It turns out that numbers dont necessarily tell the whole story
Are you sure you want to do a home hormone test? my editor asked. Are you sure its not too personal? Why would that be personal, I think. This is stuff I make without trying. Its not even as revealing as keeping a food diary. Then two tests arrived from medical test-by-post company Thriva; one female baseline hormone test and one menopause test, so I realised that actually, yeah, that is pretty personal.
There are a couple of reasons why someone might want to test. If youre trying to figure out why youre not getting pregnant, you can wait a long time for investigations on the NHS. If youre having menopausal symptoms, you might want to confirm the hunch so you can make a decision about hormone replacement therapy (HRT). If youre just curious… well, this is what happened with me.
If youre still menstruating, you have to test on day three of your cycle, but I did the menopause test on day 28. That one came back with extremely low everything: low vitamin D (winter, innit), and follicle stimulating hormone (FSH) and luteinising hormone, which play a role in egg production and egg release respectively. In proper menopause, those would all be high. Then I speak to Maisie Hill, the author of Period Power, who explains this is all completely normal at the end of a cycle. Its partly user error (I should have read instructions on the website more carefully), but theres a bit of a design flaw here: if your periods arent regular, which in perimenopause they often arent, youd never know you were on day 28.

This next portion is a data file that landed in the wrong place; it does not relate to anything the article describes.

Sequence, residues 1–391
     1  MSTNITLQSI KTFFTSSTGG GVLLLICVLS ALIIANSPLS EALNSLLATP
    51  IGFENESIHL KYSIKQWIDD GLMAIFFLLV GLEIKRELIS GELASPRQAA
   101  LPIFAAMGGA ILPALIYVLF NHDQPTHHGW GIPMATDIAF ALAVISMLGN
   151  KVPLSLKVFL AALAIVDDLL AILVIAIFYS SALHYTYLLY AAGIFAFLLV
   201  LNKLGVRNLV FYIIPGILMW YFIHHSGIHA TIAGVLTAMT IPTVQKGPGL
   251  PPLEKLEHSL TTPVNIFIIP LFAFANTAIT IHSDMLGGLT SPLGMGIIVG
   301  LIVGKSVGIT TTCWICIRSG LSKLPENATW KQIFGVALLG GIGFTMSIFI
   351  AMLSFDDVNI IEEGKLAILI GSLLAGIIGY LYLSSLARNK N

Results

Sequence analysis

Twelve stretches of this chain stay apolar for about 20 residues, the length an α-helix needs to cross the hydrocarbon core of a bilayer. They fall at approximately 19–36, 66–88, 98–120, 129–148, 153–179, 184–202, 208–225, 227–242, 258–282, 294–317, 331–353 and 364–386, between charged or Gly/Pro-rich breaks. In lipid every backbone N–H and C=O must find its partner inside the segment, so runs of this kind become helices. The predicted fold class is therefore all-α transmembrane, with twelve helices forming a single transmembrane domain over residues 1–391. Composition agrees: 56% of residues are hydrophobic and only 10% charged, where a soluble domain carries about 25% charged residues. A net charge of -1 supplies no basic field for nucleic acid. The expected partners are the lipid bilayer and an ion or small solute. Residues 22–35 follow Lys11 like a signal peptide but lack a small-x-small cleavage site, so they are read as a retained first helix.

Test two, the female baseline, I did at the exact right point day three and it came back with much higher FSH and luteinising hormone, two hormones that surge as you head towards menopause. Since people trying to get pregnant (which Im not) want FSH readings of less than 10, and mine was 20, I assumed this meant perimenopause. But not necessarily, says Hill.
It turns out that all of this is pretty complicated: first, you should always repeat the test twice to verify results. Second, the levels of certain hormones dont give you the whole picture.
Should I be considering HRT? I speak to Dr Jan Toledano of the London Hormone Clinic. You wouldnt want to go on HRT unless youre low in oestrogen, she says. Oestradiol, or E2, is the oestrogen hormone I have been tested for, and that is within range. Youre in your mid-40s, so its probably progesterone youre short of, Dr Toledano concludes. This test doesnt do progesterone.
The problem with these kits is that I didnt really understand where I was until Id spoken to some more specialists, and even after that, I was still on a quest for more information. Knowledge is power, I concluded, but numbers arent necessarily knowledge.
What I learned
The Dutch test is the most comprehensive, but, with multiple samples, quite an undertaking.
Read more: http://www.theguardian.com/us